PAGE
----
Tue Mar 14

The Global Ocean in the Anthropocene

5:30pm

Multi-Purpose Room

The Global Ocean in the Anthropocene

The Global Ocean in the Anthropocene
Dr. Tom Malone

We are currently in what some like to call the “The Anthropocene”, an age in which human expansion has been the primary cause of changes in our atmosphere, hydrosphere and biosphere. Given the fact that the oceans contain 97% of Earth’s water, 90% of Earth’s habitable space, and 91% of Earth’s biologically active carbon, changes in the ocean’s hydrosphere and biosphere are and will impact the capacity of our Earth to support life as we know it.

The Anthropocene can be characterized in terms of two spatial scales and associated time lines, one in which the effects of human expansion are local but are occurring globally and one in which the effects of human expansion are global but differ in terms of their local consequences. Here I explore the synergy between these two expressions of human expansion in terms of their impacts on capacity of ocean ecosystems to support living resources and what we must do to anticipate, mitigate and adapt to these changes.


Dr. Thomas Malone
I received a B.A in zoology at The Colorado College in 1965, M.S. in oceanography at the University of Hawaii in 1967, and a Ph.D. in biological oceanography at Stanford University in 1971. My professional background includes serving as an Assistant Professor at the City College of New York, Senior Research Associate at the Lamont-Doherty Earth Observatory, Professor at the University of Maryland Center for Environmental Science (UMCES), Director of the Horn Point Laboratory of UMCES, and Director of the Interagency Ocean.US Office for Sustained and Integrated Ocean Observations. I am currently Professor Emeritus at UMCES.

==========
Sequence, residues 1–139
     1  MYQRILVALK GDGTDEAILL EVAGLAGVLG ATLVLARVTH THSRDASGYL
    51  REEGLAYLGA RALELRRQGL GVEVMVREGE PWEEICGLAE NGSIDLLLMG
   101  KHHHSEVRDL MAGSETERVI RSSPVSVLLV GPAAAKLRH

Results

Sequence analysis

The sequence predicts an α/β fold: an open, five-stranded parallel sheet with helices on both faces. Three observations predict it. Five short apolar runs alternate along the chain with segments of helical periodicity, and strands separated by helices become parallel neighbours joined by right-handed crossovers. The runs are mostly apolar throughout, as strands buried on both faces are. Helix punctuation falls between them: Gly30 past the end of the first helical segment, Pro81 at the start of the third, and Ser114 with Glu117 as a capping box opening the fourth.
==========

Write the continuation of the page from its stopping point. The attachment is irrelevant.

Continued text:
National and international service include serving as the President of the American Society of Limnology and Oceanography, Chair of the UN’s Coastal Ocean Observations Panel, Co-Chair of the Luso-American Foundation’s panel on Ocean Policy and Observations, and external reviewer of Australia’s Integrated Marine Observing System.

I have authored more than 100 peer reviewed publications on subjects ranging from phytoplankton ecology and coastal eutrophication to ocean policy and integrated coastal ocean observing systems.

In 2002, I received the University of Maryland Reagent’s award for outstanding public service and in 2003, Colorado College’s Benezet award for outstanding achievement in one’s chosen field.

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